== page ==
The first step was to fabricate charges against party leaders judged unreliable by Stalin. This was done by torturing selected party members in order to make them "confess" and implicate top party leaders.
The charges were as fantastic as those made against Bolshevik leaders suspected of disloyalty by Stalin in 1935-38.This time, well known communist leaders were accused of working for Western and Israeli intelligence. The U.S. and Gt. Britain did, indeed, drop agents and partisans in E. Europe (mainly in Belorus and Albania), but they were very quickly caught with the aid of Kim Philby, the British officer who headed British military intelligence (MI5), and was the latter's liaison with the CIA (!). He was a key Soviet "mole" in the West.
The "cases" built up against E.European Communist leaders were manufactured from A to Z. They served Stalin's real aim which was to root out any Communists with independent minds and thus liable to oppose him. At the same time, some East European communist leaders welcomed the purges as opportunities to get rid of their political rivals.
The American communist Noel Field, who had worked for U.S. intelligence during the war and had helped save many communists,was forced to "confess" that he had spied for the U.S. Several East European communists were accused of cooperating with him. His non-communist brother Herman was arrested in Poland and held in Polish jails for several years. (See his memoirs).
Rigged public trials of party leaders were held in all the bloc countries except Poland.*
*[For an overall analysis of the purges in E.Europe, see: Mastny, The Cold War and Soviet Insecurity, pp.67-74.]
In Czechoslovakia, Premier Rudolf Slansky (1901-1952) pleaded guilty to treason, sabotage, and espionage, as did Foreign Minister Vladimir (Vlado) Clementis. (1902-1952). Both were executed. Thousands of party members were jailed and tortured, including Gustav Husak, (1913-1991), who survived to lead the party in 1969-88.
In Hungary, where free elections had given the Communists only 17% of the vote in late 1945 and 22% in 1947, they seized power in spring 1948. In 1949, the arrest of the Communist Foreign Minister, Laszlo Rajk (1909-1949), set off a wholesale purge of the Party. He was executed and his son later became a leading Hungarian dissident.*
*[For the Rajk and Slansky trials, see: G.Stokes, From Stalinism to Pluralism, 2nd ed., 1991, pp.66-80. Slansky, Clementis ,and Rajk were Jewish, but other leaders were not. The purge charges and methods were described by Hungarian and Czech survivors, see George H. Hodos, Show Trials. Stalinist Purges in Eastern Europe, 1948-1954, New York, 1987; Eugen Loebl, My Mind on Trial, New York, 1976, and same, Stalinism in Prague. The Loebl Story, New York, 1969.]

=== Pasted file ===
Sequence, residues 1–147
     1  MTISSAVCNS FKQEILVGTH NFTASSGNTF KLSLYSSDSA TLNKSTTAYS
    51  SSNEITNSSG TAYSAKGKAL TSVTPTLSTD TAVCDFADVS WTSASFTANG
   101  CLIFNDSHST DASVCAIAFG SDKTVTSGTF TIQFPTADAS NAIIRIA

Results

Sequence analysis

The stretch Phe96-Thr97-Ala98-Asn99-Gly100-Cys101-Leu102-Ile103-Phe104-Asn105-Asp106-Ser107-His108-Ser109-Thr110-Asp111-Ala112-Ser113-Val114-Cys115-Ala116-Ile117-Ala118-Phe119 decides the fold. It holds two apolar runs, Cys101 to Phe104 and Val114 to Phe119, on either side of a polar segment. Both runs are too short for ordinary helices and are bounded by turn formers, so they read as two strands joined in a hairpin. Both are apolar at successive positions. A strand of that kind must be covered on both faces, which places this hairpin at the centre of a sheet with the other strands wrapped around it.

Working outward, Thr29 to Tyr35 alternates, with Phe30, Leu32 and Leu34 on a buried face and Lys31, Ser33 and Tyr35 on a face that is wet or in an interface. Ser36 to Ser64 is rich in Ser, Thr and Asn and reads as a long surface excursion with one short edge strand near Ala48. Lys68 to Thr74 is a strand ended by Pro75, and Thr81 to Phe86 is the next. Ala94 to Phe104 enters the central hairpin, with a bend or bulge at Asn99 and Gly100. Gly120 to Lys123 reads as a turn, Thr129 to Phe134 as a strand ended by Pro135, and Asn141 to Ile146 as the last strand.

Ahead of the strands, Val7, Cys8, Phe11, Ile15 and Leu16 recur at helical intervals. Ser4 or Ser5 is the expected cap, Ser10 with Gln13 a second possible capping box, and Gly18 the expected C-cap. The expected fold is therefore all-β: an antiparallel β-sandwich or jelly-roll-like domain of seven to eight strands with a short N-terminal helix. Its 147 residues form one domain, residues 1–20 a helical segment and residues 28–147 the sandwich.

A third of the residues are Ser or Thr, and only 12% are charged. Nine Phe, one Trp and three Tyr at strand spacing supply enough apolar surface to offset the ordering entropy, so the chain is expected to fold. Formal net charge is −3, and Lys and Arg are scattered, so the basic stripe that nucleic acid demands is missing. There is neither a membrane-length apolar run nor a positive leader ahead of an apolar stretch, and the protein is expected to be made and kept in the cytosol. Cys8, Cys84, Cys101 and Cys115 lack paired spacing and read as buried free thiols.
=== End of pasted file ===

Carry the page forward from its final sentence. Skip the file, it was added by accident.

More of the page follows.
In Bulgaria, where the Communists had seized power in 1946, a large scale purge began in January 1950. The most famous leader subjected to a rigged trial was Traicho Kostov (1897-1949). He was executed. *
*[see: R.J. Crampton, A Short History of Bulgaria, Cambridge, England, 1987, pp. 170-171; revised ed. early 2000's.]
In Romania, where the Communists seized power in 1947, purges took place in the shadow of the Soviet-Yugoslav split. Lucretiu Patrascanu, the main proponent of "national communism," was arrested in February 1948. He was not not tried and executed until 1954, when the new party leader, Gheorghiu Dej decided to get rid of a rival for power. *
*[See: A History of Romania, edited by Kurt W. Treptow, Iasi, 1997, pp. 523-24; see also Bibliography for this course.]
In Albania, where the Communist Party seized power with the help of Yugoslav Communists in 1945, the Soviet-Yugoslav split led to a purge. In June 1949, the former Communist Deputy Premier, Koci Xoxe, and many others were convicted and executed as Yugoslav spies. The new leader was Enver Hoxha; he managed to stay in power until his death in the 1980s. *
*[See Miranda Vickers, The Albanians. A Modern History, London, New York, rev..ed., 1997, ch.8,9.]
The situation was more complex in Poland. Here, the Communists held preponderant power in the government since June 1945, but the people gave their allegiance to the leader of the Polish Peasant Party, the former Premier of the government.- in-exile, Stanislaw Mikolajczyk, who had joined the new government as deputy premier in June 1945.
To rid themselves of Mikolajczyk and his party, the Communists rigged the "referendum" of June 1946, and then the elections of Jan. 1947. As mentioned earlier, Mikolajczyk fled the country in October of that year, when some 100,000 of his followers were already in jail.
The purges in Poland started soon thereafter. Wladyslaw Gomulka (1905-1986), the First Secretary of the PPR (Polish Workers’ Party) since the fall of 1943, was forced to resign on Sept. 5, 1948, and then publicly admit his "nationalist deviation." This was Stalin’s revenge -- welcomed by Gomulka’s critics in the PPR (Polish Workers' Party) leadership -- for his stand that Poland should follow its own national road to communism. The key charge was that he had opposed forced collectivization of agriculture. It is ironic that he approved of it in principle, but argued rationally that the country was not ready for it because it lacked machines and skilled managers. *
*[See Gomulka’s "Confession," Sept. 1948, in Robert V. Daniels, A Documentary History of Communism, vol. 2, Communism and the World, rev. ed., Hanover and London, 1984, pp. 161-163, reprinted in 1994.]